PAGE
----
Over-Allocation

What Does Over-Allocation Mean?

Over-allocation generally refers to situations where resources are allocated at excessive levels. In the context of IT, the resources often refer to hardware or software capabilities such as processing power, memory, data management, bandwidth or other specifications. However, another very common use of the term involves resources to which too many jobs have been allocated, for example, a processor that is dealing with an excessive number of job commands.

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Techopedia Explains Over-Allocation

IT professionals use tools and strategies such as resource leveling to handle over-allocation problems, such as jobs with overlapping time frames or the improper clustering of resources in a network.

One excellent example of over-allocation that needs careful calibration is in virtualization. In a virtualization system, the physical hardware is partitioned into virtual components. Resources like memory and processing power must be precisely allocated. Any deviations either result in inefficiency or place too many demands on one point in the system, such as a given processor. IT professionals need to look closely at a system and observe it carefully to see whether the allocation is efficient and accurate.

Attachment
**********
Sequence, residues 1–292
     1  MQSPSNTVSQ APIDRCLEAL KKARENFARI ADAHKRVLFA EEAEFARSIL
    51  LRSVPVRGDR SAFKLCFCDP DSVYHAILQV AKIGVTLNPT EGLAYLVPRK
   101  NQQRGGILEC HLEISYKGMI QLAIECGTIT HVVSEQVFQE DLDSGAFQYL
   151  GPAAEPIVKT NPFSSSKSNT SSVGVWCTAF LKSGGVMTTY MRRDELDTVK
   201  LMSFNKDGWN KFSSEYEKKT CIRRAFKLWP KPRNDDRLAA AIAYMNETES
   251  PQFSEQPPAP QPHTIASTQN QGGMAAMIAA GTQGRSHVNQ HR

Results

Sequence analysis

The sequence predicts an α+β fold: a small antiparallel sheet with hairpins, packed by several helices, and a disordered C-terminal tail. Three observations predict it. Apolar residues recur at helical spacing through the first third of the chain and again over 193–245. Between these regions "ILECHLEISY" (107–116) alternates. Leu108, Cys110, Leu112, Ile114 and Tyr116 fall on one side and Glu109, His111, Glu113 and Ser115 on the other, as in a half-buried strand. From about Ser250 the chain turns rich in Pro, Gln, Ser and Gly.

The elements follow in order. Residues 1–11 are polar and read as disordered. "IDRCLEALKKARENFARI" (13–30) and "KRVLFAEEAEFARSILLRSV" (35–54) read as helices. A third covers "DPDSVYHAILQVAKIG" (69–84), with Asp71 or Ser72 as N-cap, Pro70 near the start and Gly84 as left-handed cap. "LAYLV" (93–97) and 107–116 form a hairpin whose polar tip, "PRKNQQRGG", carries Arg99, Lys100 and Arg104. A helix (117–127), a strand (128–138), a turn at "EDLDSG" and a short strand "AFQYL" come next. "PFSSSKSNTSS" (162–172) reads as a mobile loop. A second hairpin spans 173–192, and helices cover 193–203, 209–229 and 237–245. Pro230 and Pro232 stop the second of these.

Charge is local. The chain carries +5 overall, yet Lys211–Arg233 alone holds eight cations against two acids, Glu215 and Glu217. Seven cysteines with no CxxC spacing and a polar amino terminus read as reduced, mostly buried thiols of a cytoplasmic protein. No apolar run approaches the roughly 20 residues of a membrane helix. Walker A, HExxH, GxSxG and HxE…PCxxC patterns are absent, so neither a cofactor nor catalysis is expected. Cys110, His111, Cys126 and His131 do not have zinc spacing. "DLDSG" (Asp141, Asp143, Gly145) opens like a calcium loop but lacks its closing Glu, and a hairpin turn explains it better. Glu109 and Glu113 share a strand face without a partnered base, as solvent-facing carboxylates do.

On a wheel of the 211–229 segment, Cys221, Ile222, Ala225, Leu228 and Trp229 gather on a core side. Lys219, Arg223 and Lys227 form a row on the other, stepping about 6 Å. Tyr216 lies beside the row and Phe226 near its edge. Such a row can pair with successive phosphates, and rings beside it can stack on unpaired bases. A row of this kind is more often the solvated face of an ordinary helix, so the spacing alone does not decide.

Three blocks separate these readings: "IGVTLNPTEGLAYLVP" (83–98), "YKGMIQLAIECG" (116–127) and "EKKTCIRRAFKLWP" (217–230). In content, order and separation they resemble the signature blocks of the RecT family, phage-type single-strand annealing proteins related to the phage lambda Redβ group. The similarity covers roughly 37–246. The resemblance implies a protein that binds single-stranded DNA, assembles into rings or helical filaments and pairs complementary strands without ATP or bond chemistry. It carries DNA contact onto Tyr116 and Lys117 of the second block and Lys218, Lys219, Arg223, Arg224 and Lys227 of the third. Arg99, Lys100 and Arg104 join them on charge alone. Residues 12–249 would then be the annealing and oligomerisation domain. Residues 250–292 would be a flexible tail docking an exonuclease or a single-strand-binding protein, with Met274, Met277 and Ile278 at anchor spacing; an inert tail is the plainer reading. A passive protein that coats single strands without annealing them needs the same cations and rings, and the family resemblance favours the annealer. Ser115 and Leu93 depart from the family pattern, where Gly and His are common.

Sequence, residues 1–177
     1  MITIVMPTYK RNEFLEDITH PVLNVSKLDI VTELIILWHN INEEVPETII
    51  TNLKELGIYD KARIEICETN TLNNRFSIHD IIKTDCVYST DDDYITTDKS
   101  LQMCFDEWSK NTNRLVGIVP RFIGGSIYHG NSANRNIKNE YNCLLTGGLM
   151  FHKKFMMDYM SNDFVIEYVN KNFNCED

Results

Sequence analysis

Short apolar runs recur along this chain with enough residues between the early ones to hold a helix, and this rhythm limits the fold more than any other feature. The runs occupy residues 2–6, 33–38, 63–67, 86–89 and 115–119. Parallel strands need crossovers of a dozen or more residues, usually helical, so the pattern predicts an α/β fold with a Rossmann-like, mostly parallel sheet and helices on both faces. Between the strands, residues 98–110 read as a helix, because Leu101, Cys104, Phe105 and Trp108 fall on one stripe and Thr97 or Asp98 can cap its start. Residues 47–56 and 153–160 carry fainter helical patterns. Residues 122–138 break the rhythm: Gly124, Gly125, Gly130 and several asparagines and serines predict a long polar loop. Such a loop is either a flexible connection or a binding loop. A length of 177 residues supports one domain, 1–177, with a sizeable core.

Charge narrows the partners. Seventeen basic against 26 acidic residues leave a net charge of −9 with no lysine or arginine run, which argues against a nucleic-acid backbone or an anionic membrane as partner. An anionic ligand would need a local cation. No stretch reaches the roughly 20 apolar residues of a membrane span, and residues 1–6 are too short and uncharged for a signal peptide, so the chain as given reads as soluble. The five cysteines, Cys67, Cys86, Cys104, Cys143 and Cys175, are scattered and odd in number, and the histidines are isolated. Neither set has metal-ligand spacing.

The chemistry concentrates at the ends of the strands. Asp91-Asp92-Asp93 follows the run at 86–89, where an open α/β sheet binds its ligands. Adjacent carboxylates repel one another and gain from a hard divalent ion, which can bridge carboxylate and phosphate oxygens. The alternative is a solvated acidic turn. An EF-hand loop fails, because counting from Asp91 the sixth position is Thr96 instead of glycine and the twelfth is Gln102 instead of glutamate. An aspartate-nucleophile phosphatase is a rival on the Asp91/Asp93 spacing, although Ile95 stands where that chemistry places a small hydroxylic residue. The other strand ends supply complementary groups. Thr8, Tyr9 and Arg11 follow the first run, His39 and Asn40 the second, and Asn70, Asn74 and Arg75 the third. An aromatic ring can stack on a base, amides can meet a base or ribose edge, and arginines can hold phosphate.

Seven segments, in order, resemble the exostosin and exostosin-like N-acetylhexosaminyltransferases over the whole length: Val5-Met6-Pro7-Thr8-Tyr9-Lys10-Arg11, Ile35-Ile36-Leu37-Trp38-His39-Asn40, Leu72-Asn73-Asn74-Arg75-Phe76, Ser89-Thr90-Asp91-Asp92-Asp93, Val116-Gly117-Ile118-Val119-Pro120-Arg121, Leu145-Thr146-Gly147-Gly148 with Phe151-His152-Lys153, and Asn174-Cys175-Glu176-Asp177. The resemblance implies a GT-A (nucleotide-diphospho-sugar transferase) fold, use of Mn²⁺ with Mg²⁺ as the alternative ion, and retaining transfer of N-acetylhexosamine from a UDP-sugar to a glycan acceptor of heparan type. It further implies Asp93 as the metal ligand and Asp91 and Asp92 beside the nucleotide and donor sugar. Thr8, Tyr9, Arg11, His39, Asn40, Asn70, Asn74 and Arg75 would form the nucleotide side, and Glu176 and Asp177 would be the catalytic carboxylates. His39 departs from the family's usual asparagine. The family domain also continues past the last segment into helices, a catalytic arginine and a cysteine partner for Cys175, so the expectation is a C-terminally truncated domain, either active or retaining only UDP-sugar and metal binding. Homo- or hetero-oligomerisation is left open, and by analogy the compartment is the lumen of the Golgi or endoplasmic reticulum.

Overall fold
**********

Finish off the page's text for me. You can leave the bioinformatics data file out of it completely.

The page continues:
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Margaret Rouse
Technology Expert

Margaret is an award-winning technical writer and teacher known for her ability to explain complex technical subjects to a non-technical business audience. Over the past twenty years, her IT definitions have been published by Que in an encyclopedia of technology terms and cited in articles by the New York Times, Time Magazine, USA Today, ZDNet, PC Magazine, and Discovery Magazine. She joined Techopedia in 2011. Margaret's idea of a fun day is helping IT and business professionals learn to speak each other’s highly specialized languages.